Dietary potassium may reduce acid load and therefore reduce calcium depletion from bones. Lambert et. al showed that potassium alkaline salt supplementation reduced renal excretion and acid excretion and also lowered N-telopeptide (Ntx) values (Munoz-Garach & et.al, 2020).

Strontium Citrate

Strontium is a mineral found in seawater and soil. The level of Strontium in food generally depends on the region where the produce is grown. Strontium is found in seafood, whole milk, wheat bran, meat, poultry, root vegetables, spinach, lettuce, carrots, peas, and beans. It came onto the scene in bone health most recently due to the use of a strontium analog called Strontium Ranelate that has been used in trials in Europe for osteoporosis. While showing some efficacy in improving bone density, Strontium Ranelate is fraught with concerning potential side effects including venous thrombosis, abnormal cognition, and seizures (Nieves, 2021). We know that Strontium is absorbed into hydroxyapatite, possibly making it improve bone density. However, it is unclear, at least at this time, if the deposit of strontium into bone actually improves bone quality. Many supplement companies market the use of Strontium citrate as adjunct to foundational osteoporosis supplement protocols. Proponents of Strontium Citrate state that strontium actually helps with calcium absorption and may have many mechanisms related to slowing osteoclast activity and that it’s not simply replacing calcium in the bone (Pizzorno, Osteoporosis, 2020). Most Strontium citrate regimens involve 680mg/day daily dose for osteopenia or osteoporotic populations.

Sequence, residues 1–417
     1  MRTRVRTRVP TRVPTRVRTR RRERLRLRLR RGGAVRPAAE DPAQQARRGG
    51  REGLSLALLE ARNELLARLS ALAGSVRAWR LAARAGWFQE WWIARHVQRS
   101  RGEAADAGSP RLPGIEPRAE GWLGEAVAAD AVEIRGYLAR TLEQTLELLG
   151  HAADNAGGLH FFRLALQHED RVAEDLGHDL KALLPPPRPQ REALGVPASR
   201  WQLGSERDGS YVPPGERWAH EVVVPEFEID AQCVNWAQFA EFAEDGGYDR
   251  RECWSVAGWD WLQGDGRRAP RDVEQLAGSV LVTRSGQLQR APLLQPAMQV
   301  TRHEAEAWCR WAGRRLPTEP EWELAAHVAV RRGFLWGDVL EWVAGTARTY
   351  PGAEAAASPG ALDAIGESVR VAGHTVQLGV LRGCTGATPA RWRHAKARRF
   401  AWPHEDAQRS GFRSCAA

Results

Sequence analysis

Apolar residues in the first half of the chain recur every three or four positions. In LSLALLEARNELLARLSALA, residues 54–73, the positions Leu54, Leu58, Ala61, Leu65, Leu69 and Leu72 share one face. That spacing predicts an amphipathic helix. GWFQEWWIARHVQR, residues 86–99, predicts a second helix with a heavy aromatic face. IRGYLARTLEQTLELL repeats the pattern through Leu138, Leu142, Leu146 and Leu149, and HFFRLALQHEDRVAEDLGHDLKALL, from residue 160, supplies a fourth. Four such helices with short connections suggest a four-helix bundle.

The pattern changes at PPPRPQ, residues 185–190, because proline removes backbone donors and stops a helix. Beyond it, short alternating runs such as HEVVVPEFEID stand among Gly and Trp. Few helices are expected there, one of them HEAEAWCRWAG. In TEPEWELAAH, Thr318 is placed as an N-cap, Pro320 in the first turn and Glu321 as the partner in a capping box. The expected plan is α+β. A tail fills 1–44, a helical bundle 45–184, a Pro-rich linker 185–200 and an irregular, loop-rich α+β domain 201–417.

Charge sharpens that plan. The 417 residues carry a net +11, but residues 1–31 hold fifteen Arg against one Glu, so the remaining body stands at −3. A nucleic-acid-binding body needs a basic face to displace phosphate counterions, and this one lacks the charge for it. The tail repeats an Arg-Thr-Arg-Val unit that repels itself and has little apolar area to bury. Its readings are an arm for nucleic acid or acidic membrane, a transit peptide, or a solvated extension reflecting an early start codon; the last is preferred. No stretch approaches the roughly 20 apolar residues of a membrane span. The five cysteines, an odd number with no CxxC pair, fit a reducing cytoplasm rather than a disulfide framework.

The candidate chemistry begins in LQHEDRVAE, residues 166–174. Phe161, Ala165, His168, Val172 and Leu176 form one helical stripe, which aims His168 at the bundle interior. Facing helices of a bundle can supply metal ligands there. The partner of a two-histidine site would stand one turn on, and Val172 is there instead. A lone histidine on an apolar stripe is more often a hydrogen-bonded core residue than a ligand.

Boron is present in several foods, fruits, legumes, nuts, eggs, and legumes. It has been shown in N=80 studies using 10 mg per day to increase free testosterone, lower hsCRP , and lower TNF-alpha. Again, this has an anabolic and anti-inflammatory effect on the body, which may affect bones (Naghi & et.al, 2011). Also, 3 mg of boron daily may theoretically decrease urinary calcium loss and activate 1,25 (OH)2D3 production and bone mineralization (Nieves, 2021). This overall effect increases calcium absorption. It is fairly easy to get 3 mg of Boron in the diet each day without supplementing


See this list: